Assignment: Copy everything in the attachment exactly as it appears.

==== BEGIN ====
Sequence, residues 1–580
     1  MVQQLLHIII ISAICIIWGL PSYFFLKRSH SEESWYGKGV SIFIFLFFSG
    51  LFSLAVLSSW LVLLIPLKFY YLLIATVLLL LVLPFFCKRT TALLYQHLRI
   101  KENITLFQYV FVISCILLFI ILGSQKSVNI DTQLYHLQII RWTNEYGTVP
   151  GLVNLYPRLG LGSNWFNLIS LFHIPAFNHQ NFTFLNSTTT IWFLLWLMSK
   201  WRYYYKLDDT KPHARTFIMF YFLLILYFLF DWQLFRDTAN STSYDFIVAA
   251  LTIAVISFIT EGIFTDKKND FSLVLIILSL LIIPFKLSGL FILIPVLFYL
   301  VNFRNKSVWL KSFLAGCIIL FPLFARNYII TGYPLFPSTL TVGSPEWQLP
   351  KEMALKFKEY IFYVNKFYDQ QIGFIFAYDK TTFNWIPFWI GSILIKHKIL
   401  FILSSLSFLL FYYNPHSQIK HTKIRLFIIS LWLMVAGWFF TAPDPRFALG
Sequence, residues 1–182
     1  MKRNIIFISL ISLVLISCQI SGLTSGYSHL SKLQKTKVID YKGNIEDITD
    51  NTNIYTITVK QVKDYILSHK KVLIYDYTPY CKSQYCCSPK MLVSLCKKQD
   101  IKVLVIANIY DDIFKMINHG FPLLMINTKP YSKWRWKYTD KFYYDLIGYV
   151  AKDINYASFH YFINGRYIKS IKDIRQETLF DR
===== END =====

Sequence, residues 1–580
     1  MVQQLLHIII ISAICIIWGL PSYFFLKRSH SEESWYGKGV SIFIFLFFSG
    51  LFSLAVLSSW LVLLIPLKFY YLLIATVLLL LVLPFFCKRT TALLYQHLRI
   101  KENITLFQYV FVISCILLFI ILGSQKSVNI DTQLYHLQII RWTNEYGTVP
   151  GLVNLYPRLG LGSNWFNLIS LFHIPAFNHQ NFTFLNSTTT IWFLLWLMSK
   201  WRYYYKLDDT KPHARTFIMF YFLLILYFLF DWQLFRDTAN STSYDFIVAA
   251  LTIAVISFIT EGIFTDKKND FSLVLIILSL LIIPFKLSGL FILIPVLFYL
   301  VNFRNKSVWL KSFLAGCIIL FPLFARNYII TGYPLFPSTL TVGSPEWQLP
   351  KEMALKFKEY IFYVNKFYDQ QIGFIFAYDK TTFNWIPFWI GSILIKHKIL
   401  FILSSLSFLL FYYNPHSQIK HTKIRLFIIS LWLMVAGWFF TAPDPRFALG
Sequence, residues 1–182
     1  MKRNIIFISL ISLVLISCQI SGLTSGYSHL SKLQKTKVID YKGNIEDITD
    51  NTNIYTITVK QVKDYILSHK KVLIYDYTPY CKSQYCCSPK MLVSLCKKQD
   101  IKVLVIANIY DDIFKMINHG FPLLMINTKP YSKWRWKYTD KFYYDLIGYV
   151  AKDINYASFH YFINGRYIKS IKDIRQETLF DR